Friday, January 12, 2007

TOP STORY > > Honored for 53 years of service

By Tech. Sgt. Arlo Taylor
314th Airlift Wing Strategic Information Flight

The 314th Airlift Wing Equal Opportunity Program Manager turns the next page of his 53 year career as he retires Jan. 5.
Wincie “Dan” Daniel has served 50 plus years in the Air Force and civil service. A former command pilot with more than 6,000 hours, Mr. Daniel entered the Air Force as an aviation cadet in July 1953. His military career included flying more than 380 sorties in a C-123 cargo airplane over Vietnam.

“Vietnam was fun flying even though people were often shooting at you on occasion, it was still was awful fun flying because you actually saw results of your work,” he said.

After retiring from service, he was a pilot at FedEx for 18 months before starting his civilian service career here. In the past 32 years, all of them at Little Rock Air Force Base, Mr. Daniel has served as an education specialist with the C-130 aircrew training program with the 314th Tactical Airlift Wing; then he moved in the Joint Interservice Regional Support Group, Quality Office and chief Equal Employment Opportunity counselor in 1994. Mr. Daniel hasn’t measured the success of his career by the length of time his service or the accolades he garnered.

“The greatest achievement was being given the freedom to do my job by my commanders,” Mr. Daniel said. “It goes back to bosses who gave me a job and let me do it and made me responsible for my job. I’m very fortunate in that respect, especially during my civil time.”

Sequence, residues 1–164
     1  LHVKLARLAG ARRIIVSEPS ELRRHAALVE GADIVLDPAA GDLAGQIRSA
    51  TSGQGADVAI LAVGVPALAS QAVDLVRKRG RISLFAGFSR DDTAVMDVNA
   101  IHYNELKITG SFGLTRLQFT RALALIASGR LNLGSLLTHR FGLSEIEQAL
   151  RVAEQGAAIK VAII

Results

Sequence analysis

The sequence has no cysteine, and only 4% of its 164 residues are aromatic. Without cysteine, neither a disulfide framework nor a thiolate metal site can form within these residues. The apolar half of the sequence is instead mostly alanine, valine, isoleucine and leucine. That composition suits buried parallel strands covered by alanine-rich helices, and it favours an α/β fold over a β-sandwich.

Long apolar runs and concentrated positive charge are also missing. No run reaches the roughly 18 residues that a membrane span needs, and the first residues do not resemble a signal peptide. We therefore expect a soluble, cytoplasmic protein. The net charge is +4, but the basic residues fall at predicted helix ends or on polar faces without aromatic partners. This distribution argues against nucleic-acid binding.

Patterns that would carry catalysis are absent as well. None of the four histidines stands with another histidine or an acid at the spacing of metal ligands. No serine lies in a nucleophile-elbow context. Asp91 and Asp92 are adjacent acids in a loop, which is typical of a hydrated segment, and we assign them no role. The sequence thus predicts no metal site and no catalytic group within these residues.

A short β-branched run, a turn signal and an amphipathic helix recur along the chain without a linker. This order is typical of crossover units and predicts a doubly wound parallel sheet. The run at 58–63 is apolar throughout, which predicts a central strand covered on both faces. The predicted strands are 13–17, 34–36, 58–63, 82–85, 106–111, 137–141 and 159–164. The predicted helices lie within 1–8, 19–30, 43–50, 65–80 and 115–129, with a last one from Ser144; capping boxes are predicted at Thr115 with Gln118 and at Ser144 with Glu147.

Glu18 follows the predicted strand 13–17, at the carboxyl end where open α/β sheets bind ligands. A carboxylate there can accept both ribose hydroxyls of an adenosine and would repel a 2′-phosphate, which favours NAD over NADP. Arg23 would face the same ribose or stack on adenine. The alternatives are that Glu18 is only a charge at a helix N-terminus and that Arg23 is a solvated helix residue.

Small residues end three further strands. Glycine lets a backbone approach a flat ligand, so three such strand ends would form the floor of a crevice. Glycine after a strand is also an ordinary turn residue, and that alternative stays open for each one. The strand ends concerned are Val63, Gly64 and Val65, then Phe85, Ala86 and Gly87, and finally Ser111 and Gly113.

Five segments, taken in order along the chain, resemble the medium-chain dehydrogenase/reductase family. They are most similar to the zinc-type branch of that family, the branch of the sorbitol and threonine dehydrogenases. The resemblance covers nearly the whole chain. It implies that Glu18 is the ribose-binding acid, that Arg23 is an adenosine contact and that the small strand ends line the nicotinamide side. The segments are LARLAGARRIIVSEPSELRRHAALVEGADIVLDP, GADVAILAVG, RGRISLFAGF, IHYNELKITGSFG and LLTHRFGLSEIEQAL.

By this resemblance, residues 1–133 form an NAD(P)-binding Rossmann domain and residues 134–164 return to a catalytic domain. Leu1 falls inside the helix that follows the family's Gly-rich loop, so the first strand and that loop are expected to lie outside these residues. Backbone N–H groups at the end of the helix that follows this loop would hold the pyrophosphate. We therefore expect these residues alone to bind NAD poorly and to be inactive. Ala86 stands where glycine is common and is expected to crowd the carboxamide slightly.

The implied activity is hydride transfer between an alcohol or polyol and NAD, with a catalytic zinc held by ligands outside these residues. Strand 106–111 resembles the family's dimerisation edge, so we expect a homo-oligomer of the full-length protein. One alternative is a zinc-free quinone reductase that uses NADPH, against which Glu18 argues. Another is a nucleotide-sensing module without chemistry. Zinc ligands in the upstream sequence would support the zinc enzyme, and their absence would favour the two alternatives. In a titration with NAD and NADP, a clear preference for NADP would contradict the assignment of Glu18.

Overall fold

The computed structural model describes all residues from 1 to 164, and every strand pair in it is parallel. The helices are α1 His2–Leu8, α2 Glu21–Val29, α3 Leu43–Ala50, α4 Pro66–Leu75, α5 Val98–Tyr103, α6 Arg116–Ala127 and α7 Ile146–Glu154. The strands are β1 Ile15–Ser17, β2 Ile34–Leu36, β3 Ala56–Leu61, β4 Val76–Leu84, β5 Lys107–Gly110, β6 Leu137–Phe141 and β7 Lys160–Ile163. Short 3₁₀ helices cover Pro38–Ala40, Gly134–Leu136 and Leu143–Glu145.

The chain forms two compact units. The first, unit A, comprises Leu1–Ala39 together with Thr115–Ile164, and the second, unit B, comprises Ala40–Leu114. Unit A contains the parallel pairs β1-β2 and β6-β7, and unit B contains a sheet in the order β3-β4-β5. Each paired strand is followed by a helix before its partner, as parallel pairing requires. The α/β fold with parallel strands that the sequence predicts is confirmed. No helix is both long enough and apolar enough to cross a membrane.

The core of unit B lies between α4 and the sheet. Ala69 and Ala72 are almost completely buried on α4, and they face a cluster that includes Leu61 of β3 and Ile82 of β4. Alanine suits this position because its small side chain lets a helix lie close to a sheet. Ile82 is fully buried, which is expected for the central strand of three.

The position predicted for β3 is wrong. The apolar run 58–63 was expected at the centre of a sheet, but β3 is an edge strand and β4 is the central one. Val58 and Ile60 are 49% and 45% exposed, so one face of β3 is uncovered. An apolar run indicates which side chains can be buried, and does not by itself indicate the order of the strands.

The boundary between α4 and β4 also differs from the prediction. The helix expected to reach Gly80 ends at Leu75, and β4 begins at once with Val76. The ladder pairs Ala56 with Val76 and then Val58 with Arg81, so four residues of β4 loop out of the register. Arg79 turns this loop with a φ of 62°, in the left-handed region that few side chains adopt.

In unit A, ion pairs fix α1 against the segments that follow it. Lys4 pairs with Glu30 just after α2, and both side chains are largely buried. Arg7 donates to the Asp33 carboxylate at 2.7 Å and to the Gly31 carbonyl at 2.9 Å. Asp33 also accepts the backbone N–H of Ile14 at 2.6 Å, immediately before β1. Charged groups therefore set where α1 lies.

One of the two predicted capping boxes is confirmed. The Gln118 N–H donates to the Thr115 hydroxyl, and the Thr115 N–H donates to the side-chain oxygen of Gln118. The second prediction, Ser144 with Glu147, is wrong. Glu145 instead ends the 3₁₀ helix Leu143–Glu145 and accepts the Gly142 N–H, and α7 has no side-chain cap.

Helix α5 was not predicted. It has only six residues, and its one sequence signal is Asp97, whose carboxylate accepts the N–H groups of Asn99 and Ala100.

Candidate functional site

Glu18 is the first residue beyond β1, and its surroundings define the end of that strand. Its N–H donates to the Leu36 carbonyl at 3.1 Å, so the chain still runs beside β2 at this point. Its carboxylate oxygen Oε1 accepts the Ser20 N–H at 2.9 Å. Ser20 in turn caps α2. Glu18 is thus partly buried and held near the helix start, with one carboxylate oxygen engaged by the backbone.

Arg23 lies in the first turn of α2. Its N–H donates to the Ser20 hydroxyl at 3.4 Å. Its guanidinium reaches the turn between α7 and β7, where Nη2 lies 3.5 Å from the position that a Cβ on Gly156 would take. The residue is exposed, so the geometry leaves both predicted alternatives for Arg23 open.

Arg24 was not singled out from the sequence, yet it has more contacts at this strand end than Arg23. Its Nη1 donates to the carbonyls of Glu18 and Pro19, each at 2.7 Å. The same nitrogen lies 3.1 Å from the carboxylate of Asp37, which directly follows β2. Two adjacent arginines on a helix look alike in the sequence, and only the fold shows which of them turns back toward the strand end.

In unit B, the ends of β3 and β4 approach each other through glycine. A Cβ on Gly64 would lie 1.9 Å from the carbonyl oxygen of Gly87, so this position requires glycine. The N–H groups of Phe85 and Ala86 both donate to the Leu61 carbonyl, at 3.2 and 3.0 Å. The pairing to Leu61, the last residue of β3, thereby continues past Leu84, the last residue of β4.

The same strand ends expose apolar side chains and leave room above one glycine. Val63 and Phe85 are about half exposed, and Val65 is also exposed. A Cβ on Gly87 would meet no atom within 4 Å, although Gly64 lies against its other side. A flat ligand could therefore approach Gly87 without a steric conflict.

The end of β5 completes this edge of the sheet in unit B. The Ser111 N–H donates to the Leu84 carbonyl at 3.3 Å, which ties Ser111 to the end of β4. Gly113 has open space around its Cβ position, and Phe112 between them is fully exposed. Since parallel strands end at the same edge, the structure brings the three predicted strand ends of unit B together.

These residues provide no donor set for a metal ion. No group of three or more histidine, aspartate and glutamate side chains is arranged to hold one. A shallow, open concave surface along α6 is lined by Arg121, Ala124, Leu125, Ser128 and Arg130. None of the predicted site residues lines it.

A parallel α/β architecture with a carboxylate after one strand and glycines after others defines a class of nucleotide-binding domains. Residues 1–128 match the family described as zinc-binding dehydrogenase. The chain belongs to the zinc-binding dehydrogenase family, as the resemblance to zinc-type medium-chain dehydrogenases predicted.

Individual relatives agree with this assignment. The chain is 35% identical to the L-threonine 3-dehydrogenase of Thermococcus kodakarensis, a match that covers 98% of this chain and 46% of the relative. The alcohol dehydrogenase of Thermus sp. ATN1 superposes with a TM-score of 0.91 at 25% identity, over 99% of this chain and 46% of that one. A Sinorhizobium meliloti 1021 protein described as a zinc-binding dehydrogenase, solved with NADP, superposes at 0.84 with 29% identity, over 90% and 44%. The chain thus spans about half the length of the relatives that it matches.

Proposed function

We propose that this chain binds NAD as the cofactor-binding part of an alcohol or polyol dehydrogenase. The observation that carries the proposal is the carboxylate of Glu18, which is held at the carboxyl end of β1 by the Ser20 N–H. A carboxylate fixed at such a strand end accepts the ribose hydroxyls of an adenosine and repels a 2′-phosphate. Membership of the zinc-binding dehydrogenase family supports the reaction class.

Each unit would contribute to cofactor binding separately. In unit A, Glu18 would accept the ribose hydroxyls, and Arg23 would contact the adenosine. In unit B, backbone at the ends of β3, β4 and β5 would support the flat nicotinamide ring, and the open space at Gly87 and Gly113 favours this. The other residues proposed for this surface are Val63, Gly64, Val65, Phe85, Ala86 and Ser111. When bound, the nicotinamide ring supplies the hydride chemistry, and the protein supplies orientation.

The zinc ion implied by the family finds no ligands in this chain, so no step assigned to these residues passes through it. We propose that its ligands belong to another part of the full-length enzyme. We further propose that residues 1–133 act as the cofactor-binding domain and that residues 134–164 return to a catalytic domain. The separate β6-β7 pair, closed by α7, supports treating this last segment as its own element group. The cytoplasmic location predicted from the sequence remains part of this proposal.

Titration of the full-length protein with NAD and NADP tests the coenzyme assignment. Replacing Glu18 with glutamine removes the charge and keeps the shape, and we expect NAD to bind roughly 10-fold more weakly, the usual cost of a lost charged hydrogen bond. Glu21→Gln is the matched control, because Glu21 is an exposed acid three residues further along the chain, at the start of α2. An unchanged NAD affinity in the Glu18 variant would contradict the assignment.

“Apparently I did what they wanted.”

The 53 year Air Force veteran does offers advice to those in the early stages of their careers.

“Find what you like to do and don’t be afraid to change,” he said. “The changing technology and the environment in which we live and operate dictate you be flexible. Two of the biggest changes I’ve seen are the change in technology and the change in how the Air Force treats its people.

“If you’re absolutely rigid, you’re going to get run over and left behind. You have to be flexible and have to change,” he said.
Though he has seen his fair share of history made in his 53 year career, Mr. Daniel said he regrets not being there as the next chapter of Air Force history is written.

“I envy the opportunity to be part of the changes that are coming. There are going to be so many more tremendous changes in the next than we have seen in the past and I’d love to be in the middle of it.

“But that’s somebody else’s job now.”


Post a Comment